The Kentucky Derby Museum
We are very lucky at the Kentucky Derby Museum to have a great variety of artifacts. We have a wide range of trophies, a number of saddles, and silks in every possible color. Despite the fact that the collection is varied and numerous, I still have a few favorite objects.
I am in love with Kentucky Derby Mint Julep Glasses. The glasses came to the scene in 1938 and local legends suggest that they were used as water glasses. Many patrons at Churchill Downs could not resist the urge to take them from the tables in the track’s dining room. Churchill Downs decided to capitalize on this thievery and began charging patrons an additional .25 cents to each meal if folks wanted to keep the glass. A design was born for the glass in 1939 and they became an official souvenir. This souvenir has changed considerably over the years. In the early 1940s track management sought to reduce the amount of hazardous broken glass found in the infield, thus the aluminum tumbler was introduced. However, World War II brought with it a large increase in the price of aluminum and a ceramic-type tumbler was introduced in a variety of colors including: red, orange, blue, grey, pink, brown, black, and white. These glasses, produced by the Beetleware Company, have to be some of my favorite objects in the museum. They have a unique appearance that transcends both time and trends.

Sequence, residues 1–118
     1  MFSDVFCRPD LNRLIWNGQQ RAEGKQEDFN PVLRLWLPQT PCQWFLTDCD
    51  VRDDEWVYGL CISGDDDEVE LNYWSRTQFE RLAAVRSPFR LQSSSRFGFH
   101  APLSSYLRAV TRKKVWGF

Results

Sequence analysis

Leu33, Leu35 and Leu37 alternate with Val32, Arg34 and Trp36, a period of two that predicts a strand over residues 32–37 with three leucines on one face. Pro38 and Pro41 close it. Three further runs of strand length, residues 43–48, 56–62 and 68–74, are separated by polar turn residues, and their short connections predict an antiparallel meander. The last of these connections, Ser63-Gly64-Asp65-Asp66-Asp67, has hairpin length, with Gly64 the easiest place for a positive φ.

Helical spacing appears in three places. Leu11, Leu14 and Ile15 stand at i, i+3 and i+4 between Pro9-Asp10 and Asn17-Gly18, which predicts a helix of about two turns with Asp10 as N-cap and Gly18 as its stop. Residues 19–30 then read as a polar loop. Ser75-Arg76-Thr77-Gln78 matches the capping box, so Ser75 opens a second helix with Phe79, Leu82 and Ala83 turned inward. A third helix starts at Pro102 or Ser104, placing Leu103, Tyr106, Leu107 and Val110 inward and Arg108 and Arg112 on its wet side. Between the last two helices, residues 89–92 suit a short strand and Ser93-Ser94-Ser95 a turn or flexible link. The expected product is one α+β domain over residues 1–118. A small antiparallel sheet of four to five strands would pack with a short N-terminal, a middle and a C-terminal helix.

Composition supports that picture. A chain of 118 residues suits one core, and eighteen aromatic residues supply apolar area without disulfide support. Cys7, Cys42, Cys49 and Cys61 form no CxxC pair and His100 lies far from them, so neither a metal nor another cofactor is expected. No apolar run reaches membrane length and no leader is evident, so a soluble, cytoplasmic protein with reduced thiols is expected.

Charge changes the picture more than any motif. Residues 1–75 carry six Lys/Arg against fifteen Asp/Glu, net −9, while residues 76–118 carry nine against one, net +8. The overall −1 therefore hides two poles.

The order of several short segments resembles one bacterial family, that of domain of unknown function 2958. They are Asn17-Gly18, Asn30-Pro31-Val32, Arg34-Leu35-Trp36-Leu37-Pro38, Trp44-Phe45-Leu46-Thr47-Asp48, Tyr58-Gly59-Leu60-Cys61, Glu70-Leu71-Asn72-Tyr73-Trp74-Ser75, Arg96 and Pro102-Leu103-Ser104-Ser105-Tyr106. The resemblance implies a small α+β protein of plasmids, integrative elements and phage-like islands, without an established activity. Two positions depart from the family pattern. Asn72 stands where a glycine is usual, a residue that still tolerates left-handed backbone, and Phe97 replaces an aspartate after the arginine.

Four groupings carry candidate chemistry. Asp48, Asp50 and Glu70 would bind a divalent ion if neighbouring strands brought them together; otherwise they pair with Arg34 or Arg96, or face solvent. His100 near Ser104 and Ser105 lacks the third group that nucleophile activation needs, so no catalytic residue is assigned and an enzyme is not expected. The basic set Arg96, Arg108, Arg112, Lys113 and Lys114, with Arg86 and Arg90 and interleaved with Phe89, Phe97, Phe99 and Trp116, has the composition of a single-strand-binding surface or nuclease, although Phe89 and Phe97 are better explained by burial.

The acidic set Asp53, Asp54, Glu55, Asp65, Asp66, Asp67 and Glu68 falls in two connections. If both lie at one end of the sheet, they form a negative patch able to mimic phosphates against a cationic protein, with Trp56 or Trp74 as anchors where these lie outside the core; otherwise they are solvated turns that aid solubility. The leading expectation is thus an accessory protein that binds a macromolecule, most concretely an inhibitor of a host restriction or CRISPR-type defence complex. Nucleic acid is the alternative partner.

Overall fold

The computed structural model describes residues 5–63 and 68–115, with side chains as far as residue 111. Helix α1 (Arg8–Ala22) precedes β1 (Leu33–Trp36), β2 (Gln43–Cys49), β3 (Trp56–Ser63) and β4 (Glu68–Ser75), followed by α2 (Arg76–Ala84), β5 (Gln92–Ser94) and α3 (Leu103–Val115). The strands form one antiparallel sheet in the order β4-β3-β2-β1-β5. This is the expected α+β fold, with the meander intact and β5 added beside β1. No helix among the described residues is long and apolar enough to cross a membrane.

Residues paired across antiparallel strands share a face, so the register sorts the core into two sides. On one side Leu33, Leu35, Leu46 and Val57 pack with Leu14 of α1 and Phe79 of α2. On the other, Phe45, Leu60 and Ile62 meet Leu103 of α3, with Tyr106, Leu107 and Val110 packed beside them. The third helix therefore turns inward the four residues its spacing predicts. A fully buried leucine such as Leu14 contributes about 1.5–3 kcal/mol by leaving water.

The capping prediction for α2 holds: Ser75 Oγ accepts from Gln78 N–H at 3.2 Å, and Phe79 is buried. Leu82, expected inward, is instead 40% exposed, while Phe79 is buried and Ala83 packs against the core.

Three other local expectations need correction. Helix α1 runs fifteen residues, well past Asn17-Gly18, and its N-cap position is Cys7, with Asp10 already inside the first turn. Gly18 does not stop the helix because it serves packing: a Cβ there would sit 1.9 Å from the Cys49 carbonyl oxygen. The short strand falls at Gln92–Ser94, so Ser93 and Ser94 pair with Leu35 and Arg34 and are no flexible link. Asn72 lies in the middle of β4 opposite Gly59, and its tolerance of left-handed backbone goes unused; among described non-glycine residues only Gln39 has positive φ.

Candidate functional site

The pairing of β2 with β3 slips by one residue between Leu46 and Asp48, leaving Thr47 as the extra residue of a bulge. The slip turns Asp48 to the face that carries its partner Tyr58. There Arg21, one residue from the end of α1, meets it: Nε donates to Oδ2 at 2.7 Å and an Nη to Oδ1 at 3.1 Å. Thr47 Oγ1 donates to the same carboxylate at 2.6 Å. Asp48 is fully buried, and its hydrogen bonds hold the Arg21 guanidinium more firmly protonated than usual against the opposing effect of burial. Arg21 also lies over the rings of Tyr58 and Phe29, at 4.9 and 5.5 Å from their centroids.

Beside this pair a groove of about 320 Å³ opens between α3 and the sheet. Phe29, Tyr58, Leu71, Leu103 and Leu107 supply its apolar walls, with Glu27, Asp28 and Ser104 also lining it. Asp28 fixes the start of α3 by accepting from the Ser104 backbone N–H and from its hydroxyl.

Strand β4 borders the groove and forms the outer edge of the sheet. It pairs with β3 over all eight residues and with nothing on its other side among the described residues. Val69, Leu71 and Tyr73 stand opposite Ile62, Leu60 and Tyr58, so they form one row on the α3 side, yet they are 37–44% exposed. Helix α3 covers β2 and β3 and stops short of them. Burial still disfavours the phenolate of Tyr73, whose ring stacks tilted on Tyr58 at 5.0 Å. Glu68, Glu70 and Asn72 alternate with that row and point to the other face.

A tour of Kentucky Derby ephemera would not be complete without mentioning advertising signs. My favorite signs are the ones that date from the early 1960s though the 1970s. They typically are fashioned from embossed cardboard and feature winning horses in a relief detail. Generally these signs were used to advertise vices like cigarettes or alcohol. They have a charming almost folksy look to them and we house many in our collection.
Another one of my favorite objects is the 1925 Kentucky Derby Trophy; Flying Ebony won this trophy in a year for the record books. It was the first year that the Kentucky Derby was broadcast over the radio and it was the first year that the term “The Run For The Roses” was coined. 1925 was also the year that a very expensive colt won the Kentucky Derby. Flying Ebony was purchased for $21,000, which was a fortune at that time. After his victory in the Kentucky Derby he went on to lose every race after for the remainder of the season. He did have a great career as a stud and we are pleased to celebrate his history with his Kentucky Derby Trophy. The trophy is crafted out of 14k yellow gold and it sits on a beautiful jade base. It is currently on display in our museum and we are so proud of it.
Another fantastic object is a traditional Japanese geisha doll. This doll was given to the museum as a gift from Fusao Sekiguchi. Mr. Sekiguchi was the owner of the 2000 Kentucky Derby winner Fusaichi Pegasus. The doll is enclosed in glass and she is dressed in a lovely, colorful kimono. The Kentucky Derby Museum has all this and more, won’t you come and visit? With the exception of Thanksgiving and Christmas, we are open every day of the year.
The Kentucky Derby Museum
704 Central Avenue
Louisville, KY 40208
(502) 637-7097 Info
(502) 637-1111 Office
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